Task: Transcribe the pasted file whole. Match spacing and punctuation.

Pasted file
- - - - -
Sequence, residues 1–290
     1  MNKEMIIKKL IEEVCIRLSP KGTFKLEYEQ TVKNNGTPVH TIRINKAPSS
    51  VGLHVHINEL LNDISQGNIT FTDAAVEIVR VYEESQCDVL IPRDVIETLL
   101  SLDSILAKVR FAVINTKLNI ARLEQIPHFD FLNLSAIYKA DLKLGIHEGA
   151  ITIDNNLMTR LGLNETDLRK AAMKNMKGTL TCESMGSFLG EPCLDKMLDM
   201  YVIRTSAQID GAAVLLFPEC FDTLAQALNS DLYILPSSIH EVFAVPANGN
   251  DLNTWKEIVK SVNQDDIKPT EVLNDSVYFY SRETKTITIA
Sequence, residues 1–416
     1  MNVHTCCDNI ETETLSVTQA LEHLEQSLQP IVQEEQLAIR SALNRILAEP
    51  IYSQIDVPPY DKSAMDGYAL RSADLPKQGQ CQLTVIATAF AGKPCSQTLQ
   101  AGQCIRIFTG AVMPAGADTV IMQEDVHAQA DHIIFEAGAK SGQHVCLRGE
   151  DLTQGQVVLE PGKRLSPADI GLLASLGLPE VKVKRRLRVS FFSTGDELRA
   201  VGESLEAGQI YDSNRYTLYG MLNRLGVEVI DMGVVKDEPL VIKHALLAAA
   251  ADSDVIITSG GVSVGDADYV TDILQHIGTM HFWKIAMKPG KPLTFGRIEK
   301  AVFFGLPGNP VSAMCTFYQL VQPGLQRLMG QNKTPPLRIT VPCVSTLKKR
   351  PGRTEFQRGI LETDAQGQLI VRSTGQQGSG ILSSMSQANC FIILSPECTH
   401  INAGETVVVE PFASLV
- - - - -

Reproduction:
Sequence, residues 1–290
     1  MNKEMIIKKL IEEVCIRLSP KGTFKLEYEQ TVKNNGTPVH TIRINKAPSS
    51  VGLHVHINEL LNDISQGNIT FTDAAVEIVR VYEESQCDVL IPRDVIETLL
   101  SLDSILAKVR FAVINTKLNI ARLEQIPHFD FLNLSAIYKA DLKLGIHEGA
   151  ITIDNNLMTR LGLNETDLRK AAMKNMKGTL TCESMGSFLG EPCLDKMLDM
   201  YVIRTSAQID GAAVLLFPEC FDTLAQALNS DLYILPSSIH EVFAVPANGN
   251  DLNTWKEIVK SVNQDDIKPT EVLNDSVYFY SRETKTITIA
Sequence, residues 1–416
     1  MNVHTCCDNI ETETLSVTQA LEHLEQSLQP IVQEEQLAIR SALNRILAEP
    51  IYSQIDVPPY DKSAMDGYAL RSADLPKQGQ CQLTVIATAF AGKPCSQTLQ
   101  AGQCIRIFTG AVMPAGADTV IMQEDVHAQA DHIIFEAGAK SGQHVCLRGE
   151  DLTQGQVVLE PGKRLSPADI GLLASLGLPE VKVKRRLRVS FFSTGDELRA
   201  VGESLEAGQI YDSNRYTLYG MLNRLGVEVI DMGVVKDEPL VIKHALLAAA
   251  ADSDVIITSG GVSVGDADYV TDILQHIGTM HFWKIAMKPG KPLTFGRIEK
   301  AVFFGLPGNP VSAMCTFYQL VQPGLQRLMG QNKTPPLRIT VPCVSTLKKR
   351  PGRTEFQRGI LETDAQGQLI VRSTGQQGSG ILSSMSQANC FIILSPECTH
   401  INAGETVVVE PFASLV